Saturday, March 3, 2012

New Music: Dream Theater, Brand X, John Hassell

Score: 20th Anniversary World Tour by Dream Theater

After years of encountering Dream Theater or its band members on Pandora and other forums I decided to get my first Dream Theater album. As I tend to do in cases like this, I chose a live album hoping to get a wide selection of tunes from various eras. Hence, Score. Part of my interest in progressive metal comes from Norway's Circus Maximus and Poland's Riverside, two bands in which a friend and I have shared an interest.

Certainly, the members of Dream Theater (John Petrucci, guitar; John Myung, bass; Jordan Rudess, keyboards; Mike Mangini, drums) are technical masters of their instruments. I've heard recordings of them performing with other artists that are truly impressive. So don't read "metal" and think knuckle-dragging, 2 chords, 3 minutes and 4/4 time.

Perhaps I chose the wrong album. This live album includes 3 CDs, two of which include lengthy performances of concept pieces with the Octavarium Orchestra. While I have nothing against concept works, rock bands performing with orchestras tend to rub me the wrong way. Disc 2 includes the 41 minute piece Six Degrees of Inner Turbulence and Disc 3 includes 26 minutes of Octavarium. At least Disc 1 has 8 tunes of no more than 12 minutes.

Unfortunately, I have decided that I'm not a fan of vocalist James LaBrie. When he confines himself to the lower octaves he's OK. But he has a tendency to push into the higher register where, at the risk of sounding like Randy Jackson, he's a bit pitchy. The way he slurs into each high note trying to find the correct pitch is annoying. Worse yet, he has a habit of applying vibrato to those higher notes which only emphasizes the pitchiness. It's almost like the vibrato is a cover for his inability to hit the high notes.

So while I don't regret buying Dream Theater's Score, I won't be rushing out to by another CD by them anytime soon.

Moroccan Roll by Brand X

A couple of weeks ago, probably after listening to Spyrogyra and and Return to Forever, I realized that I really had to get some Brand X on CD. I hadn't listened to any in over a decade, since my turntable broke. If you're not familiar with Brand X (and you probably aren't) it's a jazz fusion band from the late 1970s. Moroccan Roll (1977) is their second album and features John Goodsall on guitar, Percy Jones on bass, Robin Lumley on piano, Phil Collins on drums, (yes, Phil Collins from Genesis), and Morris Pert who, according to the liner notes performed "percussion and a vast number of bits and things that he hit while the tape was running including: The QE2, Idi Amin, and undiscovered parts of Scotland."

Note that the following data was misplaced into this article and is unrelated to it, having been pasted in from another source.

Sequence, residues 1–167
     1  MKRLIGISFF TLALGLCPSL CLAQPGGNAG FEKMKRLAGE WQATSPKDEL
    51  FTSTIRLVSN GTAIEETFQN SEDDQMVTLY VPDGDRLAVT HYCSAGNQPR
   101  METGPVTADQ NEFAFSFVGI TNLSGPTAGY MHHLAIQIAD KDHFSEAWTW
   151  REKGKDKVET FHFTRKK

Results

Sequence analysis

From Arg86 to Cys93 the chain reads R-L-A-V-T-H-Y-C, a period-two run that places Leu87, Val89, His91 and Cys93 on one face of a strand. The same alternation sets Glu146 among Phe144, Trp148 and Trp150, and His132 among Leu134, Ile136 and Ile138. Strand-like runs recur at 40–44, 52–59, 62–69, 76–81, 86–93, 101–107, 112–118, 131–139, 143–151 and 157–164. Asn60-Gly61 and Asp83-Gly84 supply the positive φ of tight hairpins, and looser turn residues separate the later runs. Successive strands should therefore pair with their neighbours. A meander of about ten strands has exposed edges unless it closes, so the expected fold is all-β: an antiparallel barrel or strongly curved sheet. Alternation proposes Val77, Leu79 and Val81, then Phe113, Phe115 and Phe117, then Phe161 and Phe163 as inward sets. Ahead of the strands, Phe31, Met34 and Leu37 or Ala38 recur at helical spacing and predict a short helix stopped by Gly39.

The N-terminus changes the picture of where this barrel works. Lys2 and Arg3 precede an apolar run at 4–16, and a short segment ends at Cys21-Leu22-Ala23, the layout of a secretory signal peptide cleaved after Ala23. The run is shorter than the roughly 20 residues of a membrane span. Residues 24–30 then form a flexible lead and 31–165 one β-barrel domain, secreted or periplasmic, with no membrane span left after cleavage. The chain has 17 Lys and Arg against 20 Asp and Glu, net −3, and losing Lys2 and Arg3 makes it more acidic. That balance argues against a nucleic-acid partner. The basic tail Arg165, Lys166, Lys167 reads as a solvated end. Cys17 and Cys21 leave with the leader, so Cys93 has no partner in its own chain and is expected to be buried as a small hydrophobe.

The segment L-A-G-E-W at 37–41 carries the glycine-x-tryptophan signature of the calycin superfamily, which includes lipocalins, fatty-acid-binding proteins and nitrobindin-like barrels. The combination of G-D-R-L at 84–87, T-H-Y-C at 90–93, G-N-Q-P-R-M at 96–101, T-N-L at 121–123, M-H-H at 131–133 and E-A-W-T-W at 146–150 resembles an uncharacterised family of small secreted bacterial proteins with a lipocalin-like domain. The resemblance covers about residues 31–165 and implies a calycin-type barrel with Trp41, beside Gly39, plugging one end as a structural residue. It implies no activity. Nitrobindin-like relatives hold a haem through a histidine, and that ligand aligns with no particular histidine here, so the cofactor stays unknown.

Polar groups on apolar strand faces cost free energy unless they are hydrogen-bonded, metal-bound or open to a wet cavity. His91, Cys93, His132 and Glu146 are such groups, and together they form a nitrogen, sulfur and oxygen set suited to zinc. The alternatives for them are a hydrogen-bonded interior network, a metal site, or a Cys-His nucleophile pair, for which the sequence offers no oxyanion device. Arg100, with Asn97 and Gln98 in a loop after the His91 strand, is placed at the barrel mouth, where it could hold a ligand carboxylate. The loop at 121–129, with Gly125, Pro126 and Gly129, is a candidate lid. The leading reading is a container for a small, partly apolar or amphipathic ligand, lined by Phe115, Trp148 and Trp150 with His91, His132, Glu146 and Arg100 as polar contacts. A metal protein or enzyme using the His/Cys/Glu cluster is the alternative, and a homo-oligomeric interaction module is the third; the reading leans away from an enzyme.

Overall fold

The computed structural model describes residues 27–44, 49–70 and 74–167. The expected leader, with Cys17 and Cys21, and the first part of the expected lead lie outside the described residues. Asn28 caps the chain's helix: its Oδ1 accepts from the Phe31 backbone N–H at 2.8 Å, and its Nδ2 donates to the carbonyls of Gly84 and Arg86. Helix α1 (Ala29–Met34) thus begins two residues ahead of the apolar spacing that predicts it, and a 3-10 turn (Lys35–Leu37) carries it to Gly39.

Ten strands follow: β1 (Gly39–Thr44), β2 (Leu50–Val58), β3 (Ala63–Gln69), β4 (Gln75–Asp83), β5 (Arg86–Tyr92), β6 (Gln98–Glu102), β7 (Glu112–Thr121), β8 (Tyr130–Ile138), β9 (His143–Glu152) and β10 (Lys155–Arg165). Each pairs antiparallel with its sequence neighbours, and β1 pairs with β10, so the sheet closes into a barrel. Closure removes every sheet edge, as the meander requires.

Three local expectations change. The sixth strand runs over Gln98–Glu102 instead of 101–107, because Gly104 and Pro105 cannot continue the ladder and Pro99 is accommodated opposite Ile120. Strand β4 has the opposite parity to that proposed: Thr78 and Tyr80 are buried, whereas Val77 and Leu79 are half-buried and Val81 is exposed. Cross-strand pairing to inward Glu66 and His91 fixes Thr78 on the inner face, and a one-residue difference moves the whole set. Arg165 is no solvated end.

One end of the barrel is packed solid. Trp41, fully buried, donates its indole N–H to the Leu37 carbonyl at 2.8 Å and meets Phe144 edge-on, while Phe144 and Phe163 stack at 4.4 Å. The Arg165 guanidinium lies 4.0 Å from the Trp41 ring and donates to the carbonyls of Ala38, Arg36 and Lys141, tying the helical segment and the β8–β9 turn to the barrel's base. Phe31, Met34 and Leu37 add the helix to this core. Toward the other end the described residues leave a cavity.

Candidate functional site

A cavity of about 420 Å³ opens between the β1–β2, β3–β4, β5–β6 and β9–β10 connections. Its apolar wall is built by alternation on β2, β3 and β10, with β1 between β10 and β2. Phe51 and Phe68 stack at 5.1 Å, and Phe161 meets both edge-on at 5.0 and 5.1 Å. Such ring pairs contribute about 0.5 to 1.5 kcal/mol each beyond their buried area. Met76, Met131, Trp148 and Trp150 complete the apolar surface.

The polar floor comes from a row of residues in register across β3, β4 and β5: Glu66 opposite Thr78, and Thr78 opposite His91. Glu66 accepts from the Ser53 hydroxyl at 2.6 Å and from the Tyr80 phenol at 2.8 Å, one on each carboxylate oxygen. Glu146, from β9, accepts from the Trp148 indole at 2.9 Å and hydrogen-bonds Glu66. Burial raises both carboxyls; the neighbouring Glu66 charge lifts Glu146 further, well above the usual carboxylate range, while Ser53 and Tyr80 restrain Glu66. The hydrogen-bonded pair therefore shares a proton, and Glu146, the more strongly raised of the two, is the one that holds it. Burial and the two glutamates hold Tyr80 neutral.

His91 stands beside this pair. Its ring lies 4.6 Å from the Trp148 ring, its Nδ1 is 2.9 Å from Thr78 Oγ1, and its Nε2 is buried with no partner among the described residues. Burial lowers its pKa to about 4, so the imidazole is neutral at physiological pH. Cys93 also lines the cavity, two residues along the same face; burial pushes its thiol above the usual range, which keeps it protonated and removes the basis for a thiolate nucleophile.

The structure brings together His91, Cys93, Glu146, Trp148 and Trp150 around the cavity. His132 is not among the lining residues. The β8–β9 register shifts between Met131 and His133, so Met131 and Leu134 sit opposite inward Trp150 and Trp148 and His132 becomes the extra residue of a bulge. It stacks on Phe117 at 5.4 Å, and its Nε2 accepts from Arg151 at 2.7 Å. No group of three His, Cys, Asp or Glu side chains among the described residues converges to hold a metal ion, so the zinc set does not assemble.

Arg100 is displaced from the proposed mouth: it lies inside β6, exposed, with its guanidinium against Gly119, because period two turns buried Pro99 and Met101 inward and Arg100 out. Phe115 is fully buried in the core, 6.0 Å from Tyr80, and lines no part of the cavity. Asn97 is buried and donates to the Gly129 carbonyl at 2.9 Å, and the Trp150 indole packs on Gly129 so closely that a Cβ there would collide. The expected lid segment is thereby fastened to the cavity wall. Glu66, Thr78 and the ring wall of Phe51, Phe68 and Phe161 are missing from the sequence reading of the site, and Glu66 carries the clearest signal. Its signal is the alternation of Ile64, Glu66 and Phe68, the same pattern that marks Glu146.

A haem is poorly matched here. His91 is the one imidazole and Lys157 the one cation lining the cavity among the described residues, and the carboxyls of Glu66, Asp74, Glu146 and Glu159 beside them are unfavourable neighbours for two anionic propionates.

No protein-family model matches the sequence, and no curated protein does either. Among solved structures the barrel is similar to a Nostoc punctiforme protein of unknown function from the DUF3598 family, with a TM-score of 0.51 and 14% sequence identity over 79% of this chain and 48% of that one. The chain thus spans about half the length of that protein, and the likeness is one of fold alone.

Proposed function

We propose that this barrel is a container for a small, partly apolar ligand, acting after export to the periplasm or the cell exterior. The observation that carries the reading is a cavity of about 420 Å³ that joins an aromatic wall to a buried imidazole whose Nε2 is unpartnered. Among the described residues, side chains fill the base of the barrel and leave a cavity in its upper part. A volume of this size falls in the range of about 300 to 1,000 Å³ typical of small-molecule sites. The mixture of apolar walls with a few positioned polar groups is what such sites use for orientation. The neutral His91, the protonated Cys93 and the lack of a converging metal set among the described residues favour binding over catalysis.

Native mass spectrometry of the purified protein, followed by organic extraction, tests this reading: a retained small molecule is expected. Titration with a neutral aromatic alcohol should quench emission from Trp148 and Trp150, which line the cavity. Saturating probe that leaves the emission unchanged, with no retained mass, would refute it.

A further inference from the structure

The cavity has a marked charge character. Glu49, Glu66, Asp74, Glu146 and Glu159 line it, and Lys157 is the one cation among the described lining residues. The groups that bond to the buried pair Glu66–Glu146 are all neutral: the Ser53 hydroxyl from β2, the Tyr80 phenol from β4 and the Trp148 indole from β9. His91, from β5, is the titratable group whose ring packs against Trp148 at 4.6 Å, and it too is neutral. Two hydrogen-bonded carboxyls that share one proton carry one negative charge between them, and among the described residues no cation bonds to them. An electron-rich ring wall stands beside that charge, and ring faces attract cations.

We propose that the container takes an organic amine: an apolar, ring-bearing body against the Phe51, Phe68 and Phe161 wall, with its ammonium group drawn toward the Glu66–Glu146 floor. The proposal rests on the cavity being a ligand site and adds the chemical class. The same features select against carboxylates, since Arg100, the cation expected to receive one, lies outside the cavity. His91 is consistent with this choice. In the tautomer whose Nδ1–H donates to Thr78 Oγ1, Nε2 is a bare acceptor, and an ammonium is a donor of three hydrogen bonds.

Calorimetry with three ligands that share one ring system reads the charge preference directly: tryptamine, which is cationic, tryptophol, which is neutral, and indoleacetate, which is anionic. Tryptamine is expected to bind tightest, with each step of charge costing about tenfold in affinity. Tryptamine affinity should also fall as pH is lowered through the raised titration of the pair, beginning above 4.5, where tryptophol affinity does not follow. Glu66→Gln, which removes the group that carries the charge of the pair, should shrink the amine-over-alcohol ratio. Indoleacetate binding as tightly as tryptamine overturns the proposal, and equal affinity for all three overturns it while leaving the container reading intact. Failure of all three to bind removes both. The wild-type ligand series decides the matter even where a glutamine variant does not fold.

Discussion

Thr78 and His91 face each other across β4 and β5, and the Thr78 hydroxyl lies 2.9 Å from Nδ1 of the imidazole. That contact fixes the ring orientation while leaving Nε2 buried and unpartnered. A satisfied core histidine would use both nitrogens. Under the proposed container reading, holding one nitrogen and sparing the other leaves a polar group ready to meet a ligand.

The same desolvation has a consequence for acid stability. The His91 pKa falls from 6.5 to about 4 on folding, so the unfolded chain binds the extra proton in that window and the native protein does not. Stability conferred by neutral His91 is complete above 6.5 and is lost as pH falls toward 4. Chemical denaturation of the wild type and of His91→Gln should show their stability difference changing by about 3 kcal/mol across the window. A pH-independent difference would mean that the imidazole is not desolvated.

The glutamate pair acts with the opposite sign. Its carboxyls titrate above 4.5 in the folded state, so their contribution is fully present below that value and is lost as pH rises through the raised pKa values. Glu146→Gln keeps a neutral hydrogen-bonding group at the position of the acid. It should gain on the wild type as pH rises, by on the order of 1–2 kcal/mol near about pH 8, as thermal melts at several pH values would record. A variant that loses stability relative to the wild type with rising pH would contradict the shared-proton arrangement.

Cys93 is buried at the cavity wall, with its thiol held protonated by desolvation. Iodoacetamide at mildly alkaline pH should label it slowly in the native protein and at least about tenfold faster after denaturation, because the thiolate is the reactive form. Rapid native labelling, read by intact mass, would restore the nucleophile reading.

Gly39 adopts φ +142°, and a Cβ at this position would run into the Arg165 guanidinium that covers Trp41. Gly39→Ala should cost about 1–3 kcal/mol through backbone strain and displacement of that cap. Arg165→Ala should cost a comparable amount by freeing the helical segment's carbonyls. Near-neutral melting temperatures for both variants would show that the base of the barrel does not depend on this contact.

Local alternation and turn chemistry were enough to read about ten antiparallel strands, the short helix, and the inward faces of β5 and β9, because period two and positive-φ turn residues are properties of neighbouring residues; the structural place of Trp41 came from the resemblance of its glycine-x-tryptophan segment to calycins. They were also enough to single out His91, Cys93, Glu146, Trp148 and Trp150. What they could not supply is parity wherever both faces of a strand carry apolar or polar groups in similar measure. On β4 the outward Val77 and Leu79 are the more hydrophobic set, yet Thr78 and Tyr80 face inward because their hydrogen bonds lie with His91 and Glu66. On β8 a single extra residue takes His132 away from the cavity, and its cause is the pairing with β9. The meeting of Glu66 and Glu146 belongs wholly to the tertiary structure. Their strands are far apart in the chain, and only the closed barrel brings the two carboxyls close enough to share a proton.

That last bit and the album's title should give you the idea that this is a fun album. It's fun and funky, open and jazzy, punchy and laid back. Collins' drumming has a light jazz touch that contrasts with what he was playing with Genesis at the time. The band performs as a true ensemble.

I just dug around in the closet and found my Brand X LPs: Unorthodox Behavior (1976), Moroccan Roll (1977), Product (1979), Do They Hurt? (1980), and Is There Anything About (1982). I also found a Pat Benatar, but we'll skip that. Which album should I buy next?

Last Night the Moon Came Dropping Its Clothes in the Street by Jon Hassell 

The gem in this little group is Jon Hassell's Last Night the Moon Came Dropping Its Clothes in the Street that I picked up based on a friend's recommendation (thanks Ted!).

Hassell is a trumpet player and composer with whom I was only slightly familiar because of his collaboration with Brian Eno. He's said to be known for his work with "world music" (a term which I don't like as it means very little) but his virtuosity, at least as demonstrated on Last Night..., are his trumpet playing and his minimalist composing. When you read "trumpet player" do not think Maynard Ferguson. Instead imagine the offspring of Miles Davis and Brian Eno. The performance and its electronic treatments are almost vocal. The composition reminds me only a little of Steve Reich. It's definitely post-modern, unstructured, ambient, enchanting.

As luck would have it, the last track on the CD was irreparably damaged by my computer's CD drive when I was importing it into iTunes so I've already re-added it to my wish list at

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